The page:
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Perspectives on Contemporary Korea 2016 | Korean Families in Economic and Demographic Transitions: Parenting, Children's Education, and Social Mobility

November 11-12, 2016 | University of Michigan, Ann Arbor

Perspectives on Contemporary Korea Conference VI


Hyunjoon Park (Department of Sociology, University of Pennsylvania)
Nojin Kwak (Nam Center/Department of Communication Studies, University of Michigan)

Sponsors: Nam Center for Korean Studies, University of Michigan

South Korean families with children have changed significantly during the last few decades in composition, structure, and function. Major demographic changes, including the rise of divorce, and increase of marriage between Koreans and foreigners, have diversified Korean families. Moreover, the recent trends of rising economic inequality and deteriorating job security have posed serious challenges to many families, particularly at the lower end of socioeconomic hierarchy. How do Korean parents and children cope with the economic and demographic challenges? How do the economic and demographic trends in Korea contribute to widening disparities in family environments? When families struggle with economic strain and family instability, how do extended family networks work to provide economic, social, and emotional support to vulnerable family members? These questions of how families fare at the crossroads of economic and demographic changes, and whether families can rely on family ties in navigating the crossroads, are particularly important in Korea that has traditionally weak public welfare.  

However, families are not only responding to economic inequality but they also contribute to economic inequality. For instance, the trend of rising educational homogamy can mean that families are increasingly bifurcated between families in which both spouses have a college degree and their counterparts in which both spouses have no college education. As women’s economic participation has increased, growing educational homogamy can contribute to the increasing gap in economic resources between families at the top and bottom of economic hierarchy.  Similarly, scholars and policy makers have assessed the extent to which changing family structure accounts for changing economic inequality among families.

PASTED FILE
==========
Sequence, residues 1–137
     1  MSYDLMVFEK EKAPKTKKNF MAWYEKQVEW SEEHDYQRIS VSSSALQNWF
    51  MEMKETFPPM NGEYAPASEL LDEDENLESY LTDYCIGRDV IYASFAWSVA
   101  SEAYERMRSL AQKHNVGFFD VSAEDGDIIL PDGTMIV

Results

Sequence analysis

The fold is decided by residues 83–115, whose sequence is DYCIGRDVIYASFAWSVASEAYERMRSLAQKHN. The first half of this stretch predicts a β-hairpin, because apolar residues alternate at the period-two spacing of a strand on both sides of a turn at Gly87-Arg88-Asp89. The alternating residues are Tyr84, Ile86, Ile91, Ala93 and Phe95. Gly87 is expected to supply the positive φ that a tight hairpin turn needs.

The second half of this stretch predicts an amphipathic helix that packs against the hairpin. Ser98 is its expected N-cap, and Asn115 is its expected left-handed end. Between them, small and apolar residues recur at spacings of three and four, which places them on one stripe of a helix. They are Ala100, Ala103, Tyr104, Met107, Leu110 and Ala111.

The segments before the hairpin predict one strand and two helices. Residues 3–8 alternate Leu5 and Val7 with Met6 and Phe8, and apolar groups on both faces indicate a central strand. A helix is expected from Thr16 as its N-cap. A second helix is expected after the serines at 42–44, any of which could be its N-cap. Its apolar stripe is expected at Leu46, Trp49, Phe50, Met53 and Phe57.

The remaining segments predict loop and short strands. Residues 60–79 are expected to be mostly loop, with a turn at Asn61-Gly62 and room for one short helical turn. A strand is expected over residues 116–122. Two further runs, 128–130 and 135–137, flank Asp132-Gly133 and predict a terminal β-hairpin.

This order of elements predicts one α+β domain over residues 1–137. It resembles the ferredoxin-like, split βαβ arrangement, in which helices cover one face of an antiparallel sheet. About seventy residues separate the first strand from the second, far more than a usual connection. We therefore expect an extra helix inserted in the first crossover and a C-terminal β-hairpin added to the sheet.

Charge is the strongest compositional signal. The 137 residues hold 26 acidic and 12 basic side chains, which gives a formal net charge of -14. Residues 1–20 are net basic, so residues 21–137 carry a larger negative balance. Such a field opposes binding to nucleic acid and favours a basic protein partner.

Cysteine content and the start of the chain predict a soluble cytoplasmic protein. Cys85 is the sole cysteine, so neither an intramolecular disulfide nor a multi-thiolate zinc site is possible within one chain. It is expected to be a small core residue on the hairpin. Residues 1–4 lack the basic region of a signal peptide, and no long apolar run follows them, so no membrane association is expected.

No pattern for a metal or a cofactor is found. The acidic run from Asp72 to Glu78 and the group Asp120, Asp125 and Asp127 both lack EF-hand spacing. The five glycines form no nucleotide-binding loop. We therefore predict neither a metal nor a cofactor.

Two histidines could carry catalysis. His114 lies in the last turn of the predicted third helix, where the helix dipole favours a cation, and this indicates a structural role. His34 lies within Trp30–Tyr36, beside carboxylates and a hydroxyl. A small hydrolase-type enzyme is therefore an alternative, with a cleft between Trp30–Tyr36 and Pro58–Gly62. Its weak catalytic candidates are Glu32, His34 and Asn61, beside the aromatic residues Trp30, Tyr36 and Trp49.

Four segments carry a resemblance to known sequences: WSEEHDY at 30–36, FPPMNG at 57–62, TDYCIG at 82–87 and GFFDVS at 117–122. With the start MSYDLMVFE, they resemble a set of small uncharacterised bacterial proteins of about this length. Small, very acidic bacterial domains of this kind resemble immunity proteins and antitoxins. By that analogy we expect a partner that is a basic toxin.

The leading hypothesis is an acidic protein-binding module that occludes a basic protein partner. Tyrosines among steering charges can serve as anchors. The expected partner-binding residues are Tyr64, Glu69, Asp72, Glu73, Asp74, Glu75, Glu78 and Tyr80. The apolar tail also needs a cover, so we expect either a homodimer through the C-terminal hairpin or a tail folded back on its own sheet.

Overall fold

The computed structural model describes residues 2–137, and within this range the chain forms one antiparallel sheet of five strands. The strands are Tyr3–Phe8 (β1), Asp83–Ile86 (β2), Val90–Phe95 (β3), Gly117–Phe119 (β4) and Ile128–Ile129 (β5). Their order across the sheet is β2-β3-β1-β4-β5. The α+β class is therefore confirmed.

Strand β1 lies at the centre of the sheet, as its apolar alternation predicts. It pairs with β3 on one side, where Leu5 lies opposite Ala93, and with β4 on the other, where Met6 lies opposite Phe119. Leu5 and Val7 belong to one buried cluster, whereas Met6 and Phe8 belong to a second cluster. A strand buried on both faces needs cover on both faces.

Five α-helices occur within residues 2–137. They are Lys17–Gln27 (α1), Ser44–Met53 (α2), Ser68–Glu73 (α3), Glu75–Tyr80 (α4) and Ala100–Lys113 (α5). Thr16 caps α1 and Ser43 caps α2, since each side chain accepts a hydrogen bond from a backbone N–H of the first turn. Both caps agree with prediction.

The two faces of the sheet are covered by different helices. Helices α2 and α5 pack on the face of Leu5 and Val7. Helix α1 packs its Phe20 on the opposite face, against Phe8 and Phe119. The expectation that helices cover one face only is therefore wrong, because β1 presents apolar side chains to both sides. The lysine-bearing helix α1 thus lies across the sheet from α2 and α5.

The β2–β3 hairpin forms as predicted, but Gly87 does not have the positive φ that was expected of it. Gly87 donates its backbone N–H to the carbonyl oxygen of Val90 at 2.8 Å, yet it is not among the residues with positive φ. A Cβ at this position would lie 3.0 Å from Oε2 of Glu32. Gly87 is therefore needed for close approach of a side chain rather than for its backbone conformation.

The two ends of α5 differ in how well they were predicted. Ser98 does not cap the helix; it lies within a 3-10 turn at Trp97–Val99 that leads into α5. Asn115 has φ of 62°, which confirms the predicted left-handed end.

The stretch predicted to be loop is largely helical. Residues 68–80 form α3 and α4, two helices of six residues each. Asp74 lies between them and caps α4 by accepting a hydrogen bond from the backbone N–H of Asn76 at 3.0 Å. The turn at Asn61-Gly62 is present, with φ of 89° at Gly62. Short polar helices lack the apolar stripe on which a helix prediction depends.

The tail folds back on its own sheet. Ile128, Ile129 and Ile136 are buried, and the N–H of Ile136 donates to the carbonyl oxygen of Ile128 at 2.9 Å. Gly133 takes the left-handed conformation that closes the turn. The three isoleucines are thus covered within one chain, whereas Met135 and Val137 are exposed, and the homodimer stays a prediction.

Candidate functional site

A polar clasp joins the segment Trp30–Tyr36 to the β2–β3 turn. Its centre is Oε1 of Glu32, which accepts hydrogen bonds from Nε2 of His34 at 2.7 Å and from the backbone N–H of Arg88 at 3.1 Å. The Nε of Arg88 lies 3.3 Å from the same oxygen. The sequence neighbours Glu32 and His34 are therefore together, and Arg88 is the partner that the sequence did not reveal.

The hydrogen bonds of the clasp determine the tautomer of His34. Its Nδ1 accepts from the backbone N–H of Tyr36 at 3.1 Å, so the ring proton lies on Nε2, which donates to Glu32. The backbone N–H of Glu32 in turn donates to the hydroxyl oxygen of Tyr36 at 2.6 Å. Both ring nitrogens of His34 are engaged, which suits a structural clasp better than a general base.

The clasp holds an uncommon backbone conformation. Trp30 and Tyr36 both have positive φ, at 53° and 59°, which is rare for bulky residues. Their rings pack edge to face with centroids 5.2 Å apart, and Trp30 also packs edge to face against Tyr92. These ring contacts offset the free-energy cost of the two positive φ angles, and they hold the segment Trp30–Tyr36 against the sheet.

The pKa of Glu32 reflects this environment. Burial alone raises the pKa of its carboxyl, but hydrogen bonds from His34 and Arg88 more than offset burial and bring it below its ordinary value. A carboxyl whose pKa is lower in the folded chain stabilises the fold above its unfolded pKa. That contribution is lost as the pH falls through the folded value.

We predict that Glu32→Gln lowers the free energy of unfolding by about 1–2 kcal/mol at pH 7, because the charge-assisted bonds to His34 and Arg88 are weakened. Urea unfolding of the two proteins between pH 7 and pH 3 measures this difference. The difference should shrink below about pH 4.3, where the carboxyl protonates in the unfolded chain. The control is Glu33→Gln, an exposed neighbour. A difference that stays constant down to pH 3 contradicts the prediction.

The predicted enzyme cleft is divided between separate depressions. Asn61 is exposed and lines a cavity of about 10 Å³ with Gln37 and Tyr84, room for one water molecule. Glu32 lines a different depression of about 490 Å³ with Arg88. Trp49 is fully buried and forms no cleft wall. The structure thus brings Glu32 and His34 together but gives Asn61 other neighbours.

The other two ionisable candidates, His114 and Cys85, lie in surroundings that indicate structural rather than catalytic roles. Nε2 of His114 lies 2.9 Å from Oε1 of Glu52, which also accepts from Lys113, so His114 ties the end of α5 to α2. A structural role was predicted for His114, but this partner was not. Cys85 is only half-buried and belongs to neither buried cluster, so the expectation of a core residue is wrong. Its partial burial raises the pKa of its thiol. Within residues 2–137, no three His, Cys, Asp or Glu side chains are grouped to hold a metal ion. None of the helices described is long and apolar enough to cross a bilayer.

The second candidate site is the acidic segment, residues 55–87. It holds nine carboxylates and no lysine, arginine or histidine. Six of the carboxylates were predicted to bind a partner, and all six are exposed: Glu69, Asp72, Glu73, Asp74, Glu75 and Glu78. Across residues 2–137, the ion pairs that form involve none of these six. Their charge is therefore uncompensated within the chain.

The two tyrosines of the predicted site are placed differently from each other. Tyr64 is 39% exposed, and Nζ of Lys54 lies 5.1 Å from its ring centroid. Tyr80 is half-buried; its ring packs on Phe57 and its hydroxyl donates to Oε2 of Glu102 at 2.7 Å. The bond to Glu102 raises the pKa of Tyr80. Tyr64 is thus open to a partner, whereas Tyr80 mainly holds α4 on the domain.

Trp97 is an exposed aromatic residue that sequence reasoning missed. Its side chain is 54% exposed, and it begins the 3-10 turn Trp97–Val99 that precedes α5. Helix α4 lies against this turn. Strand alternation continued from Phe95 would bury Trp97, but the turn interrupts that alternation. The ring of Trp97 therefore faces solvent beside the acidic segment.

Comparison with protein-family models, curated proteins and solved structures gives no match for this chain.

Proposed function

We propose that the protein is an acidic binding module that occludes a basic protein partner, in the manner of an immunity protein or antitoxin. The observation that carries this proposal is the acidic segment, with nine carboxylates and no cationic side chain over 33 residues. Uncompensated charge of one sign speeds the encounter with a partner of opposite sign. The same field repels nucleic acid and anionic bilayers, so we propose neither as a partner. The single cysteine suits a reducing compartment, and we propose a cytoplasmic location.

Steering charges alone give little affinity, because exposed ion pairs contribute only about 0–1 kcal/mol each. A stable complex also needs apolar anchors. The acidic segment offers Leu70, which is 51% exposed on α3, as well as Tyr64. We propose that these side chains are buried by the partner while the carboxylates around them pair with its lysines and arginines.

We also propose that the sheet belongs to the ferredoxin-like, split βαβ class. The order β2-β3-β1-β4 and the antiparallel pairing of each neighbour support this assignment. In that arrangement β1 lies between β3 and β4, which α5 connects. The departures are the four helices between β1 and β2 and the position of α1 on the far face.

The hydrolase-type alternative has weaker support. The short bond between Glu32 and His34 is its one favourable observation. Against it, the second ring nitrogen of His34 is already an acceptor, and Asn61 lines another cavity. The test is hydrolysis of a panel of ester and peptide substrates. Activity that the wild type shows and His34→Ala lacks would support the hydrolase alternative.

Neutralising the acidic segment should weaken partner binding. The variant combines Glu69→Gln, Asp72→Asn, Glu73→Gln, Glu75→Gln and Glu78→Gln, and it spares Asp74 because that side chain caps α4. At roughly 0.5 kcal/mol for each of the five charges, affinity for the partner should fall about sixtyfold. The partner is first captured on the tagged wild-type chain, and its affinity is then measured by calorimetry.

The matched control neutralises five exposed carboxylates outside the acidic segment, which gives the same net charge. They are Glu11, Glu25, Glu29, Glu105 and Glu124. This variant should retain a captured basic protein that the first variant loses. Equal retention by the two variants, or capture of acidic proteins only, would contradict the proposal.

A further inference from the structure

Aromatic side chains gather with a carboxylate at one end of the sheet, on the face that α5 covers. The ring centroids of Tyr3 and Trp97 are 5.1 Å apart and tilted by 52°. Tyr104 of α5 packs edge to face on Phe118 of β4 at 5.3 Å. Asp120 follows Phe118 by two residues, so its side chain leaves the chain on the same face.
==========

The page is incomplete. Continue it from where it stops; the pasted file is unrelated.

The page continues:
This conference, Korean Families in Economic and Demographic Transitions, the sixth in Perspectives on Contemporary Korea series, aims to bring scholars together to discuss how recent economic and demographic changes have affected parents and children in Korea, and at the same time how changing family structure and arrangements have also contributed to recent economic and social inequality. In particular, the conference invites scholars with both quantitative and qualitative approaches to Korean families. On the one hand, quantitative studies can offer trends and patterns of changing Korean families. On the other hand, qualitative research can explore subjective meanings, perceptions, and experiences of inequality and family changes beneath macro trends and patterns. In collaboration, these approaches offer the opportunity for better understanding of changing Korean families and surrounding inequalities.

The following are some possible topics that can be include in the conference, but any papers that fit the theme are welcome.  

  • How do recent increasing job insecurity and rising economic inequality affect Korean children’s education and well-being, particularly by influencing parents’ investment and involvement in children’s education and other activities?
  • How has Korean parents’ and children’s time use changed?
  • What are the most serious issues Korean families with children deal with? How do those issues differ for affluent and poor families?
  • How have the notion and meaning of motherhood and fatherhood changed in the context of changing economy and demography?
  • Is there an emerging pattern of the parent-child relationship that is distinctive from the parent-child relationship in the past?
  • How do grandparents and other relatives matter for Korean parents and children who face particularly serious challenges at the crossroads?
  • What are the implications of recent trends in family behaviors and structure for economic and social inequality at the next generation?
  • How are contemporary Korean families and inequality portrayed in the media and films?

Korean Families is the sixth annual conference on contemporary Korea sponsored by the Nam Center for Korean Studies at the University of Michigan. Previous conferences in the series have examined the phenomenon of Hallyu in the age of social media, transgressive practices in Korean society, the politics of sports, cultural products of the Yushin era, and new communication technologies in present-day Korea.